The Rhode Island Council for the Humanities (RICH) will honor award-winning singer, songwriter, and storyteller Bill Harley along with noted historian, antiques dealer, and civic provocateur Richard Kazarian at its eighth annual Celebration of the Humanities, which will be held Monday, October 18, from 5:30 to 7:30 p.m. at Hope Artiste Village in Pawtucket. This year’s theme is “A Night of Curiosity.” Each year, the celebration recognizes the recipients of RICH’s Tom Roberts Prize for Creative Achievement in the Humanities and Honorary Chairs’ Award for Lifetime Achievement in the Humanities.
The popular social event offers RICH an opportunity to publicly honor its awards recipients while spreading the message of its mission: to inspire and support intellectual curiosity and imagination in all Rhode Islanders through lifelong learning. This year RICH also launched the new 2010 Civics Education grant program, funding eight Rhode Island based projects that support teachers, schools, and community organizations who are working to enhance civic education in K-12.
The Lifetime Achievement Award is presented to an individual or group whose career achievements demonstrate humanities excellence, reflect RICH’s mission and core values, and enrich public life in Rhode Island. This year, the award honors Bill Harley for his use of music, song, and story in building community; promoting our common humanity; and encouraging lifelong learning, exploring, and growing.
Bill Harley is well-known nationally but we are fortunate that he lives locally. My children and I have had many opportunites to see him perform in person, inspiring them to become better storytellers themselves. I also had the honor of interviewing Bill Harley for Kidoinfo in 2008.
Harley is a prolific writer and recording artist as well as a longtime regular commentator on NPR’s All Things Considered. Since 1984 he has released 28 albums, authored eight children’s picture books and two novels for gradeschoolers, and worked on multiple theatrical productions. Several of his books have received awards, including The Amazing Flight of Darius Frobisher and Night of the Spadefoot Toads. His award-winning DVD, Yes to Running, was featured on PBS, and many of his other albums have been honored for their excellence. Entertainment Weekly labeled Harley, a two-time Grammy Award winner and multiple nominee, “the Mark Twain of contemporary children’s music.” Our personal favorite story CD is Town Around the Bend.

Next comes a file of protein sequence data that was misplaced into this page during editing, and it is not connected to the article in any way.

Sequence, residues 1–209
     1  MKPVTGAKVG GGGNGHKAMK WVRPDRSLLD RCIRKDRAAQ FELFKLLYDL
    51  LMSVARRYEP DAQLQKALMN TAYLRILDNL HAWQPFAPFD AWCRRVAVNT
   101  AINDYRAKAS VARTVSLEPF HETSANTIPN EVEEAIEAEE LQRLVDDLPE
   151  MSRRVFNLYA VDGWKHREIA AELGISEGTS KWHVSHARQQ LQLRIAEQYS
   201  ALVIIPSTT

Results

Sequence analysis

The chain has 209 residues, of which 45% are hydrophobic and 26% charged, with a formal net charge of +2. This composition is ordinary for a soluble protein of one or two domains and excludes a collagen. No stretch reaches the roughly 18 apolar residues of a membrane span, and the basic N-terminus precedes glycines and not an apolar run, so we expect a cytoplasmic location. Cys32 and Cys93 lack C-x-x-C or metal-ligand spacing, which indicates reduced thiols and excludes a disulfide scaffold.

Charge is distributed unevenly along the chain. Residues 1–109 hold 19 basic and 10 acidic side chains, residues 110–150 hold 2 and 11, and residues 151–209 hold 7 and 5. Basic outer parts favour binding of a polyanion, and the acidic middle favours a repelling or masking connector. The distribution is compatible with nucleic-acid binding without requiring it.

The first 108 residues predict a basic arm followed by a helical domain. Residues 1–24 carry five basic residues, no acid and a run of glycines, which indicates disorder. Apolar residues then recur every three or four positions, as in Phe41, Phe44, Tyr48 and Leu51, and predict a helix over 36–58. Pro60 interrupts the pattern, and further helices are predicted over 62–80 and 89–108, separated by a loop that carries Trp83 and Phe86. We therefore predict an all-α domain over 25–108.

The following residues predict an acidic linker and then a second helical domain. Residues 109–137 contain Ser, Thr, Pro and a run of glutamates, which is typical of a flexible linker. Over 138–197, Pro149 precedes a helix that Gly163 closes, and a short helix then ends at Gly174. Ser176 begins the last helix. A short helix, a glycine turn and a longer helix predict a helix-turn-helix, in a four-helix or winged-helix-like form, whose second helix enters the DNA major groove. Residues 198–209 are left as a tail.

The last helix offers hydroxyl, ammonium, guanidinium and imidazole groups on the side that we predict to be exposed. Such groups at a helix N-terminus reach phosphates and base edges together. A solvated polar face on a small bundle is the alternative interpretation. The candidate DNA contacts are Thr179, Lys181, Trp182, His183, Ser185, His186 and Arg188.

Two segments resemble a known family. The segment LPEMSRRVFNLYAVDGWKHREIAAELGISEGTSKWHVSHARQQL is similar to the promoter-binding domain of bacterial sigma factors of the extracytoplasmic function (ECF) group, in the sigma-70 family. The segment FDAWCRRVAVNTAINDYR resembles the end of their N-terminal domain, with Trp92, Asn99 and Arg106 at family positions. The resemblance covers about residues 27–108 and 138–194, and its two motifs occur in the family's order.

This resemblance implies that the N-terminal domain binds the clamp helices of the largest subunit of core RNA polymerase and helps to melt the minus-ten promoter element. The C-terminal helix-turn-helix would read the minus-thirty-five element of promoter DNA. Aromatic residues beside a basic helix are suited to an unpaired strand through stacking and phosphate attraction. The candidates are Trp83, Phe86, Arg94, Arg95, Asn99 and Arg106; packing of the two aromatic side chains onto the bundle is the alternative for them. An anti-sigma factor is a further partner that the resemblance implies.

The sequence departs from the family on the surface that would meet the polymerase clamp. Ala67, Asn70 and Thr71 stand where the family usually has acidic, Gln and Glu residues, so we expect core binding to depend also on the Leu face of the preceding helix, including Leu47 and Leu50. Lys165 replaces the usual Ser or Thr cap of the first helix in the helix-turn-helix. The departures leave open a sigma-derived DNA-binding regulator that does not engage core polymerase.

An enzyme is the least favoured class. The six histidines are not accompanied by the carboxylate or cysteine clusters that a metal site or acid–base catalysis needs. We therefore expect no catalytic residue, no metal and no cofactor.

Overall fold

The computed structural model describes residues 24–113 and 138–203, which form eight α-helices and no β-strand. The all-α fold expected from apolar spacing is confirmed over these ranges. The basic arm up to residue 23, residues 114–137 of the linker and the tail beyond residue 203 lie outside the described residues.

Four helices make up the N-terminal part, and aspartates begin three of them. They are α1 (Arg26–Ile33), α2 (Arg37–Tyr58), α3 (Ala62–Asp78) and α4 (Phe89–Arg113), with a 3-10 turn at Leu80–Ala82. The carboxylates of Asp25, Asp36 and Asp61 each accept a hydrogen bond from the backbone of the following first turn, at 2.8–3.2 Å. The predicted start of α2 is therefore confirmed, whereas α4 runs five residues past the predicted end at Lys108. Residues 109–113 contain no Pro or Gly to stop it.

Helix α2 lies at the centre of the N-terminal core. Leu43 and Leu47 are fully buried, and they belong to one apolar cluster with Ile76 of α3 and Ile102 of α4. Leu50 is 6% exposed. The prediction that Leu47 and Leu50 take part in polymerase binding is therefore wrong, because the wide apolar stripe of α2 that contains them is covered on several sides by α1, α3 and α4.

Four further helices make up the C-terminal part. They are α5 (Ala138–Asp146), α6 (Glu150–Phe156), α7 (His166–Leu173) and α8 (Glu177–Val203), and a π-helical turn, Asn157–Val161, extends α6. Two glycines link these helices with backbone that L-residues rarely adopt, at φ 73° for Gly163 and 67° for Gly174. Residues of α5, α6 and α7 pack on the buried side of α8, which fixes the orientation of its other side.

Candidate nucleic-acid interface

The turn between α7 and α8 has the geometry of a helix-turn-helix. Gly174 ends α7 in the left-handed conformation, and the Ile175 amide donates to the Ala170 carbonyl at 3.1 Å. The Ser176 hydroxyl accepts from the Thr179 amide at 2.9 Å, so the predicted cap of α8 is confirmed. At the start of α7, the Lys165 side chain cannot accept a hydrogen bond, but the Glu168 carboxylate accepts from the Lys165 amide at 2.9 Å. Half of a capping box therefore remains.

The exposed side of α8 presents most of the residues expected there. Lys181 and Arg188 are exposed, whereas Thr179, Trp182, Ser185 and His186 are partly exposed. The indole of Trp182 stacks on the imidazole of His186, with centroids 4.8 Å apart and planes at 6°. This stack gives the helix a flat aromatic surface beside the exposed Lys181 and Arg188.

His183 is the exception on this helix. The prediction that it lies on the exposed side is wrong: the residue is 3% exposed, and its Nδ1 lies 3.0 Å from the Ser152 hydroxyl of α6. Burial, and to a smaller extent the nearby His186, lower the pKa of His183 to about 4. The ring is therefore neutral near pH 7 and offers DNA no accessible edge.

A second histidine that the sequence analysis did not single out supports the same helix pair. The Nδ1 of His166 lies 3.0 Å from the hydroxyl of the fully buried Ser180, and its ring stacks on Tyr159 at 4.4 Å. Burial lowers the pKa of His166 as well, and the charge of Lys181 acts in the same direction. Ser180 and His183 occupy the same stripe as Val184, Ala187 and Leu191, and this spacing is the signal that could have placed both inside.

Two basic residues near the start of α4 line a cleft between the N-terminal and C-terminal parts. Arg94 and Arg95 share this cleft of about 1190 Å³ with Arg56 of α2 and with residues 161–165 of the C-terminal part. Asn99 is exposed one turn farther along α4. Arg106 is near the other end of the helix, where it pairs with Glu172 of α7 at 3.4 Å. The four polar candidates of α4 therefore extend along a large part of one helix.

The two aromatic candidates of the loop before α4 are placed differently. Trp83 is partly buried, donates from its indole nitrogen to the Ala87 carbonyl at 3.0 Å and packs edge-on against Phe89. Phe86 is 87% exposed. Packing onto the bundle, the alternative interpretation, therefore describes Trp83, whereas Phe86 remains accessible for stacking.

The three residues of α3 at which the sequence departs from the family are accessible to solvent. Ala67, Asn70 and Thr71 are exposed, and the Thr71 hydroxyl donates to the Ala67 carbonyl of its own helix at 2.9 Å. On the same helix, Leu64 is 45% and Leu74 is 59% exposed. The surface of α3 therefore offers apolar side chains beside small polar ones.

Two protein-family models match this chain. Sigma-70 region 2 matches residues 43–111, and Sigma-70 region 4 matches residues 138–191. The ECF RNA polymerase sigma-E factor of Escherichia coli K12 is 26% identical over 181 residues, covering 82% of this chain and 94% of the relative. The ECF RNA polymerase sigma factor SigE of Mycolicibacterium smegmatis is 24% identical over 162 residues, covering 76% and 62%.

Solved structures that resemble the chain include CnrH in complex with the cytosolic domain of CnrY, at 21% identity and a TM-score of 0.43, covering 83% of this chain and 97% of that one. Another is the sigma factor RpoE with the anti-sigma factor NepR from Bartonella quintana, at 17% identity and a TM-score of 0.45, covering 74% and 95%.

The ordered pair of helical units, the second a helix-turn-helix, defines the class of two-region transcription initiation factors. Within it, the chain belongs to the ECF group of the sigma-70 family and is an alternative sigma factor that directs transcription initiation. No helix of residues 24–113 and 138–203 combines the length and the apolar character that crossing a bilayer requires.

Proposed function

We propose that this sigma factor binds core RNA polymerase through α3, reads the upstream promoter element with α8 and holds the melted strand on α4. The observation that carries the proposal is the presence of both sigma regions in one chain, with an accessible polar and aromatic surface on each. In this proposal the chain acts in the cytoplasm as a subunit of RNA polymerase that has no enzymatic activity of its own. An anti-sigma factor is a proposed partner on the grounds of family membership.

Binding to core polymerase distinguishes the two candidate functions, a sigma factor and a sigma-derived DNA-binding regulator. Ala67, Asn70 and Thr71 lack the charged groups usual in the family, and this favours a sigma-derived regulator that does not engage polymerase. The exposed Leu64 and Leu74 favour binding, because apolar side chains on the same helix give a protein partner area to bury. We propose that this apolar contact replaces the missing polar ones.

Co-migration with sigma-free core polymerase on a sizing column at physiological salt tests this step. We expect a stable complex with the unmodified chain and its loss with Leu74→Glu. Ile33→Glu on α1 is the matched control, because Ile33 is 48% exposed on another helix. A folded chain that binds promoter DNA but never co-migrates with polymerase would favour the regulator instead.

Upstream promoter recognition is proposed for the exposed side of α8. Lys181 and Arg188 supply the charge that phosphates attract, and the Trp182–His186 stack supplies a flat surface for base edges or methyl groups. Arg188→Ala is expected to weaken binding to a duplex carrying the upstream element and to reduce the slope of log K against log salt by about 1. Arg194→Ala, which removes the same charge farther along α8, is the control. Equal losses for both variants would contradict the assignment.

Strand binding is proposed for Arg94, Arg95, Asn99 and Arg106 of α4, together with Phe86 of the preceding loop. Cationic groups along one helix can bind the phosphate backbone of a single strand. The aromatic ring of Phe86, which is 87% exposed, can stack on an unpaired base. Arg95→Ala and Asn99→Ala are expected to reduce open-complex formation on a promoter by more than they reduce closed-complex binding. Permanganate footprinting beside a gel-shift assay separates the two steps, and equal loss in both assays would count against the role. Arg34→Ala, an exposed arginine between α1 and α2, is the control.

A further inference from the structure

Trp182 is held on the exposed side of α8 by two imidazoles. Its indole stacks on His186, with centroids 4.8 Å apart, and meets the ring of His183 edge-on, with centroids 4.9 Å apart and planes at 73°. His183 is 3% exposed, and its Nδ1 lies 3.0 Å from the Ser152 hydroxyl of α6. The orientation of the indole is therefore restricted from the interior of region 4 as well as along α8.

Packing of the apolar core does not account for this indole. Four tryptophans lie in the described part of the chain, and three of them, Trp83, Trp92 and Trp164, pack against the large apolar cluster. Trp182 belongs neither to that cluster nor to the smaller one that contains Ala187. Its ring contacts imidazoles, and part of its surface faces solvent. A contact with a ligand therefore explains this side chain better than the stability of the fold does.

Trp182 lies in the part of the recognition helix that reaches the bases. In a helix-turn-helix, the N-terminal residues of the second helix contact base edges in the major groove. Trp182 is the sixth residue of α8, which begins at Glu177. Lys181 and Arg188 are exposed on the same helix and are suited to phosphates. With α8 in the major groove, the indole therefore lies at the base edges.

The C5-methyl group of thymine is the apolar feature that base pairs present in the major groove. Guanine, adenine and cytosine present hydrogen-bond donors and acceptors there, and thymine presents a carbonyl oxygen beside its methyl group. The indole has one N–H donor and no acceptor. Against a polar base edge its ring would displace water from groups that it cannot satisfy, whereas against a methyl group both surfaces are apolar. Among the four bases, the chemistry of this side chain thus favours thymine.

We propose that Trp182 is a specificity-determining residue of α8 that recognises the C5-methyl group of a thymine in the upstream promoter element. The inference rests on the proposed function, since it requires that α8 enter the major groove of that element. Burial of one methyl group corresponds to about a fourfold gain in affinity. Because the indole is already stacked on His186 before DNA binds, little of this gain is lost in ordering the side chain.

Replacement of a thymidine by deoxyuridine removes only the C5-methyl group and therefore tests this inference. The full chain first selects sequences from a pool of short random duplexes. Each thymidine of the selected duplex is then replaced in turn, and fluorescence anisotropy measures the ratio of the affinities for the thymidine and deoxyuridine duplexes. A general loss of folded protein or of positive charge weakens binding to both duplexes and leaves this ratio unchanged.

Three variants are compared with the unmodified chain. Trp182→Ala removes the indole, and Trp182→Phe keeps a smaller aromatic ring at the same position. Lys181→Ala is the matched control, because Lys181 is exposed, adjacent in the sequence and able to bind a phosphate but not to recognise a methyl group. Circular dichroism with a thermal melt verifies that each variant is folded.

In addition to touring and recording, Harley currently is conducting research for a book on the culture of schools and preparing for the September release of his new spoken-word CD, The Best Candy in the Whole World. For a complete list of Harley’s work and awards, visit billharley.com.
The Celebration of the Humanities is open to the public; tickets are $75 ($25 for students). To reserve tickets and learn more about the honorees, visit rihumanities.org.
Founded in 1973, RICH is an independent, not-for-profit state affiliate of the National Endowment for the Humanities (NEH). Sharing with the NEH the belief that “democracy demands wisdom and vision in its citizens,” RICH invests in individuals and organizations–from scholars, filmmakers, writers, and oral historians to libraries, museums, historical societies, and community organizations–that engage Rhode Islanders in the intellectual and cultural life of the State.